Natural law is known as a higher law or the law of nature which has been continually dominating the entire basis of politics, Law, Religion and social philosophy. Natural law is said to be these sets of unwritten law which contains the principles of ought as revealed by the nature of man or reason or derived from god.
Natural law is universal and common to all humanity. It goes beyond the difference in culture, religion and various formulation of the moral law. The Articles like Article 14, 19 and 21 has been widely interpreted in the India scenario especially by the Indian judiciary due to largely impact of natural law theory.
Natural law (School of Jurisprudence)
- Natural law is a philosophy of law that forces on the law of nature. This school of jurisprudence represents the belief that they are inherent laws that is common to all societies.
- Natural law is also known as the moral law Divine law, the law of God, law of Reason, law of nature, Universal law and unwritten law.
- The school of thought tells us that the law is rational and reasonable. Natural law proposes that laws are a logical progression from morals. Therefore, actions that are considered to be morally wrong will be against the law.
- The sources of Natural law was that-
- The classification of Natural law school in to four parts are:-
(A) Ancient period/classical period
(B) Medieval period/middle ages
(C) Renaissance period
(D) Modern period
(A) Ancient period/classical period
The story of natural law behind the philosophers of ancient Greece. The Greeks traditionally regarded law as being closely related to justice and ethics. Greek who were the first distinguished law from blind faith?
The ancient period is further divided into two periods that are:
1. Greek period
The main authors of Greek period are as follows;
Heraclites ( 530-470 B.C)
The foundation of Natural law philosophy was by the Heraclites and it also gives three aspects_ unlimited goals, stages and reason are important for the natural law.
According to Socrates “Law is a product of correct reasoning”1. ‘Human insight’ that a man has capacity to distinguish between good and bad and is able to appreciate the moral values. This human ‘insight’ is the basis to judge the law.
Plato (427-347 B.C )
It is a supporter _ minimum governance policy means “ultimate” justice is discoverable through reason. Plato also supports the Socrates theory of Natural law. According to Plato, we live in an orderly universe.
Aristotle (385_322 B.C)
It believes that Natural law has elements of reason, justice and ethics mean that “Universal and immutable standards discoverable through reason and man-made law should conform to these standards. According to him, man is a part of nature in two ways: Firstly he is the part of the creatures of the god and secondly, he possesses insight and reason by which he can shape his will.”2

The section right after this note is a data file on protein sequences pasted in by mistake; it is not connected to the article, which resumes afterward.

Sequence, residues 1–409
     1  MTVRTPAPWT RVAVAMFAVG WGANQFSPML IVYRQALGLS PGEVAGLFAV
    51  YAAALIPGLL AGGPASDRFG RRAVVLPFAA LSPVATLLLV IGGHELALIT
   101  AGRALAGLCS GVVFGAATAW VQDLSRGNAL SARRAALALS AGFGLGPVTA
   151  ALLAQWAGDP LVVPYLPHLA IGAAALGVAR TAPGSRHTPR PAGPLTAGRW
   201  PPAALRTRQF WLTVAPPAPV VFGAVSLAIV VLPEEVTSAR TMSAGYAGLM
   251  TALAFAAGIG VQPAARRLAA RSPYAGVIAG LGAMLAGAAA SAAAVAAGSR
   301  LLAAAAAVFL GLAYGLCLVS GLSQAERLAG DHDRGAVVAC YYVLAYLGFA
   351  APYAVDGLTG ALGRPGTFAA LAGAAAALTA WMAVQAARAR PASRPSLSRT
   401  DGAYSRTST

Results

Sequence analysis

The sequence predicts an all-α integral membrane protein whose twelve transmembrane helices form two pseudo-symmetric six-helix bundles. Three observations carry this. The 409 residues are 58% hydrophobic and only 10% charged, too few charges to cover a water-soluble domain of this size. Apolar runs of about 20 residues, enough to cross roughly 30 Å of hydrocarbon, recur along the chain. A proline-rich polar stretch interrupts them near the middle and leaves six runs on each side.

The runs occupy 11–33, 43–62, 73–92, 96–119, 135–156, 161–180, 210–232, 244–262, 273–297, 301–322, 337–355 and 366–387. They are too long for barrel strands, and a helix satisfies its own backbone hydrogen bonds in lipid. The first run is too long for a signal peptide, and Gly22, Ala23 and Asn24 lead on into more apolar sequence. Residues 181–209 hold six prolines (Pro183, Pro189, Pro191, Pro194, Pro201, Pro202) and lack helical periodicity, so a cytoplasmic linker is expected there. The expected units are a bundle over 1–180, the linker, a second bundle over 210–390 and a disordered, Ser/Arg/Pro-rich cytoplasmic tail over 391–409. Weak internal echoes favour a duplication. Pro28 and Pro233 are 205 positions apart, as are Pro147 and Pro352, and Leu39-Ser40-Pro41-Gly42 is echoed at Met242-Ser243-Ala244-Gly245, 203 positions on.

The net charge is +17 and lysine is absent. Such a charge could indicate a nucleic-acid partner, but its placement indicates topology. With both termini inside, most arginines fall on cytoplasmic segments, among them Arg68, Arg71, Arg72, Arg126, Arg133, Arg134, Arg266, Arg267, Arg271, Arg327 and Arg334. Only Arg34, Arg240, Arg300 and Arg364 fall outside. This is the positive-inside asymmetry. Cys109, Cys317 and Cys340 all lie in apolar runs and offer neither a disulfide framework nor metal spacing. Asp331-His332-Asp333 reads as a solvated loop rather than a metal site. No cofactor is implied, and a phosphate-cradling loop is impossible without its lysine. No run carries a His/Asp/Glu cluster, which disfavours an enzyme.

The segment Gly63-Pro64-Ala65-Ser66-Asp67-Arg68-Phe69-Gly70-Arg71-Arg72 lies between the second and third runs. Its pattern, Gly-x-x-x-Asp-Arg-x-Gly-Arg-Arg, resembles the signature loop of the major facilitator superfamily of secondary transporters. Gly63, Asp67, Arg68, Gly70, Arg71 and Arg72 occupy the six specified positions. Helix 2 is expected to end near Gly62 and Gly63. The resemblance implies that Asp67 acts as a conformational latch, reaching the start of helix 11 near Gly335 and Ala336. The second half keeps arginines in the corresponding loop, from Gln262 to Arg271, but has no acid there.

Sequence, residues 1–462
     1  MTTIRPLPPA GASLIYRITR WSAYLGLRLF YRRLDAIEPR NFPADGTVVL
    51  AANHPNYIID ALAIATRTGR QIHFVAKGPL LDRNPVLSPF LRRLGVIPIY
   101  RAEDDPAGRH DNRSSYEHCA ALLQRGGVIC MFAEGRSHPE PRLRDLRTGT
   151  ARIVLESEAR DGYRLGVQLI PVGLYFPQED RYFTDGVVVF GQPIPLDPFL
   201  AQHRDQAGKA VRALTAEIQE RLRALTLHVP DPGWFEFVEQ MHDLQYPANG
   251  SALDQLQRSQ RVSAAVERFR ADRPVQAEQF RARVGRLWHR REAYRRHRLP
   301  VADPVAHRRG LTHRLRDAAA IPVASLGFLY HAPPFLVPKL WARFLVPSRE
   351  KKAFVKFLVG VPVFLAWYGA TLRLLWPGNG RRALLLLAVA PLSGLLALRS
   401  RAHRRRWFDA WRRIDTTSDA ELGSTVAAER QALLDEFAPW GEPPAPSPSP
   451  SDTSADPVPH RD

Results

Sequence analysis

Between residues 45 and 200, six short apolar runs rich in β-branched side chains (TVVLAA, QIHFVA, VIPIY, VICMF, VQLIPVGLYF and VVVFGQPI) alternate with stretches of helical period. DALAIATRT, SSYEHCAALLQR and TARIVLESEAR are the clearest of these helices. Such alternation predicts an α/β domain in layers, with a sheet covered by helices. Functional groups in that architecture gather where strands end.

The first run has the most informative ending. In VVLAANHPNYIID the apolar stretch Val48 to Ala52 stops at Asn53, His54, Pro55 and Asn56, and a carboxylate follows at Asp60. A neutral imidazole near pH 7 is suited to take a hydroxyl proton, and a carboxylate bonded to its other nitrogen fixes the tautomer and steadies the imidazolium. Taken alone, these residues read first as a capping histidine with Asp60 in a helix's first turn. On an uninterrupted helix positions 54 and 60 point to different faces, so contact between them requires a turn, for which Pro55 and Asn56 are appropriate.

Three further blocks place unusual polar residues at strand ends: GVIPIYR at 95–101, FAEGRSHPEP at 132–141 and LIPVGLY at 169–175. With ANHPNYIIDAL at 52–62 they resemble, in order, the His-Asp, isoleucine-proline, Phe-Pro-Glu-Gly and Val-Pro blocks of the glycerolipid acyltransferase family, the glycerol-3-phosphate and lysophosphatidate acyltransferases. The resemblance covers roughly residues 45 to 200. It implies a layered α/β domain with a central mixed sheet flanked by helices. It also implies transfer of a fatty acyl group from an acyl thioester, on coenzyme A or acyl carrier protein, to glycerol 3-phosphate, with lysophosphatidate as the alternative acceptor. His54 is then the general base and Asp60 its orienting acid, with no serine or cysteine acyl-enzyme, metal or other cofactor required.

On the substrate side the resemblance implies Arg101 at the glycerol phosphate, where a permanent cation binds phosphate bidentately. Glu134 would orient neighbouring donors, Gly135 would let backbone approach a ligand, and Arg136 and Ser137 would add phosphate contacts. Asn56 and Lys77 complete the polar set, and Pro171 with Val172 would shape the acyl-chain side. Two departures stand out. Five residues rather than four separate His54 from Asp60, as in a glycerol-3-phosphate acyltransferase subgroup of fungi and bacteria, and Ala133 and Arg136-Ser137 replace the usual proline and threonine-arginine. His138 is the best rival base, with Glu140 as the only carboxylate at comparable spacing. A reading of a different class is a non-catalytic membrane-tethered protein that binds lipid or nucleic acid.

2. Roman period
The Natural law philosophy found on expression in the Roman legal system through the division of Roman law into three distinct divisions _ jus civil, jus gentiam and jus natural. It also gives natural law is equal to universal law and the code of gaudier also.
The main author Roman periods as follows:-
He said the law is the highest reason, implanted in nature which commands what ought to be done and forbids the opposite. This reason when firmly fixed and fully developed in the human mind is law.
(B) Medieval period/Middle ages
It is a time of catholic philosophers or logicians of the Middle Ages gave a new theory of ‘Natural law’3. Though they too gave it the logical basis. They departed from the orthodoxy of the early Christian father. Their views are more logical and systematic.
The main authors of the medieval period are as follows;-
Augustine (354-430 A.D)
It believes that what are states without justice but robber hands enlarged (De civitas Dei) (The city of god). It also believes that natural law as a part of natural foundation of Christianity due to its origins in the old Testament early church father.
Thomas Aquinas (1226-1274)
It believes that ‘unjust’ law deserve no obedience’ means that man finds out natural law by applying ‘reason’ and studying scriptures of the revelation of God. St. Thomas Aquinas gave four-fold classification of law’s namely;-
- Law of God or external law
- Law of nature (which revealed through nature)
- Human law (which we now called positive law
- Law of divine or the law of scripture
(C) Renaissance Period
It is revival of learning as scholar re-studying Greeks and Roman instead of relying on scriptures, they looked at the purpose of human life itself to extract Natural law principles
The main authors of Renaissance period are as follows:-
Hugo Grotius (1583-1645)
It is known as father of international law. Grotius built his legal theory on ‘Social Contract’.4 His view in brief is that political society rest on a ‘social contract’ It is the duty of the sovereign to safeguard the citizens because the form was given power only for that purpose.
Thomas Hobbes (1558-1679)
It was a supporter of absolute power of the ruler and subjects had no right against the sovereign.
John Locke ( 1632- 1704)
John Locke too recognized the existence of certain inalienable natural rights. He categorized them as ‘’life, liberty and estate (property) Locke’s social contract is based upon liberalism.
Rousseau (1712- 1778)
According to Rousseau, “man by nature never thinks and he who thinks is a corrupt creature.” He believed that the state of nature was an idyllic state where in man did not reason things out and lived in absolute liberty with the free mind.